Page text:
• Pregnant women at risk for hepatitis A or risk for severe outcome from hepatitis A infection

Any person who requests vaccination

  • All infants
  • All children and adolescents younger than 19 years of age who have not been vaccinated
  • People at risk for infection by sexual exposure including: people whose sex partners have hepatitis B, sexually active people who are not in a long-term, mutually monogamous relationship, people seeking evaluation or treatment for an STD, and men who have sex with men
  • People at risk for infection by exposure to blood including: people who inject drugs, people who live with a person who has hepatitis B, residents and staff of facilities for developmentally disabled people, health care and public safety workers at risk for exposure to blood or blood-contaminated body fluids on the job
  • Hemodialysis patients and predialysis, peritoneal dialysis, and home dialysis patients
  • People with diabetes aged 19–59 years; people with diabetes aged 60 or older should ask their doctor.
  • International travelers to countries where hepatitis B is common
  • People with hepatitis C
  • People with chronic liver disease
  • People with HIV
  • People who are in jail or prison
  • All other people seeking protection from hepatitis B virus infection

There is no vaccine available for hepatitis C.

How serious is it?

  • People can be sick for a few weeks to a few months
  • Most recover with no lasting liver damage
  • Although very rare, death can occur
  • 15%–25% of chronically infected people develop chronic liver disease, including cirrhosis, liver failure, or liver cancer
  • More than 50% of people who get infected with the hepatitis C virus develop a chronic infection
  • 5%-25% of people with chronic hepatitis C develop cirrhosis over 10–20 years

Treatment

Supportive treatment for symptoms

Acute: No medication available; best addressed through supportive care Chronic: Regular monitoring for signs of liver disease progression; some patients are treated with antiviral drugs

Acute: There is not a recommended treatment for acute hepatitis C. People should be considered for treatment if their infection becomes chronic. Chronic: There are several medications available to treat chronic hepatitis C. Current treatments usually involve 8-12 weeks of oral therapy (pills) and cure over 90% of people with few side effects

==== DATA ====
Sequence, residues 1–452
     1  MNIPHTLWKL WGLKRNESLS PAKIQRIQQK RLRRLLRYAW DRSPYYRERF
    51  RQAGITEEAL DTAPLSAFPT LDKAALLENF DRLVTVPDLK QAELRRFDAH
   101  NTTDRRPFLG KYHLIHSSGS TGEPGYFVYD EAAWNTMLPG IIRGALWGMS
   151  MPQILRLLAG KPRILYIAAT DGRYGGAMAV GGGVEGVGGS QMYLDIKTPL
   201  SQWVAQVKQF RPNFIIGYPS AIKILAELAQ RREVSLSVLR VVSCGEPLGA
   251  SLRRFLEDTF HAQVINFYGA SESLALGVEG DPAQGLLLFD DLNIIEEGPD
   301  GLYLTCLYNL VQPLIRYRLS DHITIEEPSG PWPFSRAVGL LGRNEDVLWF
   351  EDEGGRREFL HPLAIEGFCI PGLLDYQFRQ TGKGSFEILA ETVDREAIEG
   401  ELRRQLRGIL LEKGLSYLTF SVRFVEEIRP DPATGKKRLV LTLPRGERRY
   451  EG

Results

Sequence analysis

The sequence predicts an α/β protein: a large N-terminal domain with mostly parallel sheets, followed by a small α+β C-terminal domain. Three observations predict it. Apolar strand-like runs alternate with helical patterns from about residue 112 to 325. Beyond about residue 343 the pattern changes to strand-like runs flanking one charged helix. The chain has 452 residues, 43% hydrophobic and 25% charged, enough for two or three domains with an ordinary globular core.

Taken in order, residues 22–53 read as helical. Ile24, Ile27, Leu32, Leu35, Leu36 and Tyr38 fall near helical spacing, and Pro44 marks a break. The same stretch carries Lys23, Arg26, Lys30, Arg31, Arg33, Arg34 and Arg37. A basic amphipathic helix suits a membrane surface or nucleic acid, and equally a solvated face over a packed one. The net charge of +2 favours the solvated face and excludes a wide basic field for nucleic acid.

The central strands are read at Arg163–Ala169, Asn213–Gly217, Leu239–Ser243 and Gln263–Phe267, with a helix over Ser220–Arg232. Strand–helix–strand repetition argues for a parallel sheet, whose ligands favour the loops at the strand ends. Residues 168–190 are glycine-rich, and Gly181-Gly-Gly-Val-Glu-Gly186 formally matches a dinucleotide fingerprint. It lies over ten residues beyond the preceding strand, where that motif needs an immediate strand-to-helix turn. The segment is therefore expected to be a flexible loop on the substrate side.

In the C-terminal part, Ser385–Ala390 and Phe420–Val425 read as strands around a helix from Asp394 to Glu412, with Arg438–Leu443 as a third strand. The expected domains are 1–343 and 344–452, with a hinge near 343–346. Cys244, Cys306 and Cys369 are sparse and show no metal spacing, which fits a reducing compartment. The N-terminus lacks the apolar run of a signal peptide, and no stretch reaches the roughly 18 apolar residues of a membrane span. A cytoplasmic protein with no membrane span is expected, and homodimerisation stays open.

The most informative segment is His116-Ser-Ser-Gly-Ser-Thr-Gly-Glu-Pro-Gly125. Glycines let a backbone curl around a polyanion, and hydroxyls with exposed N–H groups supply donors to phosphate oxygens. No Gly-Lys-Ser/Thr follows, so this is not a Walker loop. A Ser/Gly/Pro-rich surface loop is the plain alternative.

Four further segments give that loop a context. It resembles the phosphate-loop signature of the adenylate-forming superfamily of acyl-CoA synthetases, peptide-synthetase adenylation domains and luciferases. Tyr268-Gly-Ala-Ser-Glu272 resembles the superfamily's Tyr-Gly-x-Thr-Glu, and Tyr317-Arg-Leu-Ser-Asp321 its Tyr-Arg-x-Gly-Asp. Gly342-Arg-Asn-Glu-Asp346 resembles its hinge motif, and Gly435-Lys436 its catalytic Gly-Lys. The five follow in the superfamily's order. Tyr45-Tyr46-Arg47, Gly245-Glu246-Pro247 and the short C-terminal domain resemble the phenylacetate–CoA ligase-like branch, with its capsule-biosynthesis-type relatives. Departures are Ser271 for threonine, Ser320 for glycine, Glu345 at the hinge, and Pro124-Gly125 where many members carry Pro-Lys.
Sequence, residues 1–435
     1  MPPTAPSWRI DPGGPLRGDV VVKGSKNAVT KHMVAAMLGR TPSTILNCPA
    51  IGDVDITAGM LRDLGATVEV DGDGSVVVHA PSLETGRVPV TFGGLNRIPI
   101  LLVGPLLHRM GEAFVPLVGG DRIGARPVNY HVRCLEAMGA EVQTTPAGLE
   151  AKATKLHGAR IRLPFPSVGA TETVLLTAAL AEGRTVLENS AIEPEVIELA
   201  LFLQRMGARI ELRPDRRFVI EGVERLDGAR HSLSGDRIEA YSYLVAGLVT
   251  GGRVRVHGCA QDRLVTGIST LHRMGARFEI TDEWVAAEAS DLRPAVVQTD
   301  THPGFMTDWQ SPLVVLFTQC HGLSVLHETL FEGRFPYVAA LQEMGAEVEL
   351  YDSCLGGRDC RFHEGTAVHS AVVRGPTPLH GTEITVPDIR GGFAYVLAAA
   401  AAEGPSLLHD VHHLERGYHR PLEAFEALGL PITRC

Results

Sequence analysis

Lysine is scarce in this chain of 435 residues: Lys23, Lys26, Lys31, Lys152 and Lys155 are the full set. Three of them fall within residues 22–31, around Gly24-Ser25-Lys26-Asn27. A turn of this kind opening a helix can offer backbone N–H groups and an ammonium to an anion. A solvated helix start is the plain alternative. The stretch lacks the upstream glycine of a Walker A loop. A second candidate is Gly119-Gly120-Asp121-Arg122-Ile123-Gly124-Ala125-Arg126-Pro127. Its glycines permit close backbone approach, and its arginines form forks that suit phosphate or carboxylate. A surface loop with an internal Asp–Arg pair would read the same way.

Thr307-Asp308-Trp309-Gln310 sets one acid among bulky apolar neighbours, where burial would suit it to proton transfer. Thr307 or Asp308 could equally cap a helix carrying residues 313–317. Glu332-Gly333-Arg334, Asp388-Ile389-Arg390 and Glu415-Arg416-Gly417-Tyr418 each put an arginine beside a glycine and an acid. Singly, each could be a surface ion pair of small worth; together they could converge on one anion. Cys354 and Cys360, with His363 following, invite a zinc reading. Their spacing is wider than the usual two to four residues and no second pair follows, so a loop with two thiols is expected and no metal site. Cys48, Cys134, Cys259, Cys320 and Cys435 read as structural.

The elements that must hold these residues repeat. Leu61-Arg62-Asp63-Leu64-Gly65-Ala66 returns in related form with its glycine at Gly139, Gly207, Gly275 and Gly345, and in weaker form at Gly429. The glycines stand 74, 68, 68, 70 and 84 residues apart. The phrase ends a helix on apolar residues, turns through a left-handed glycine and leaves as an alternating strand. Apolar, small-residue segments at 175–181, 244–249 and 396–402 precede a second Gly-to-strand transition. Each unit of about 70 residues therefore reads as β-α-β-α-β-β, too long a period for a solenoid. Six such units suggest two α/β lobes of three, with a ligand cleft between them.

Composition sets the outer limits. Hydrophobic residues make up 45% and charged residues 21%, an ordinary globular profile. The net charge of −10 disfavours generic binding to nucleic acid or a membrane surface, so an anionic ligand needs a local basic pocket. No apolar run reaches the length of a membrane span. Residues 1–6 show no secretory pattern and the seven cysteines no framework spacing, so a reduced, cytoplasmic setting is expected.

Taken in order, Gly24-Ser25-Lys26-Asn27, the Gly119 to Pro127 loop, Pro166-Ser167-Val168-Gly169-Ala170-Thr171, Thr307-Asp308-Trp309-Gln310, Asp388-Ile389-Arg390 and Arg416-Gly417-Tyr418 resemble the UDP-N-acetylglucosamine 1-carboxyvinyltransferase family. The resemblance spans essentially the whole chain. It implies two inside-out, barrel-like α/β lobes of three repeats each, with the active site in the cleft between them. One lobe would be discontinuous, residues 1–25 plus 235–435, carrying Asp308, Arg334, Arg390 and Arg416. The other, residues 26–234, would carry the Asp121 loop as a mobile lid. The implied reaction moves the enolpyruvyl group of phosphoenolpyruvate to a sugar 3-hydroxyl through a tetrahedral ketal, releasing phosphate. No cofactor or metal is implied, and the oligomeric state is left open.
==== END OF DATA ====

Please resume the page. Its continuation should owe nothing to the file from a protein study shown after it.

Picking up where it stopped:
Who should be tested?

Testing for hepatitis A is not routinely recommended.

CDC recommends hepatitis B testing for:

  • People born in countries with 2% or higher HBV prevalence
  • Men who have sex with men
  • People who inject drugs
  • People with HIV
  • Household and sexual contacts of people with hepatitis B
  • People requiring immunosuppressive therapy
  • People with end-stage renal disease (including hemodialysis patients)
  • People with hepatitis C
  • People with elevated ALT levels
  • Pregnant women
  • Infants born to HBV-infected mothers

CDC recommends hepatitis C testing for:

  • All adults aged 18 years and older
  • All pregnant women during each pregnancy
  • People who ever injected drugs and shared needles, syringes, or other drug preparation equipment, including those who injected once or a few times many years ago. Regular testing is recommended for people who currently inject and share needles, syringes, or other drug preparation equipment.
  • People with HIV
  • People who have ever received maintenance hemodialysis. Regular testing is recommended for people who currently receive maintenance hemodialysis.
  • People with persistently abnormal ALT levels
  • People who received clotting factor concentrates produced before 1987
  • People who received a transfusion of blood or blood components before July 1992
  • People who received an organ transplant before July 1992
  • People who were notified that they received blood from a donor who later tested positive for HCV infection
  • Healthcare, emergency medical, and public safety personnel after needle sticks, sharps, or mucosal exposures to HCV‑positive blood
  • Children born to mothers with HCV infection
  • Any person who requests hepatitis C testing should receive it.

ABC Table

What causes it?

Hepatitis A Hepatitis B Hepatitis C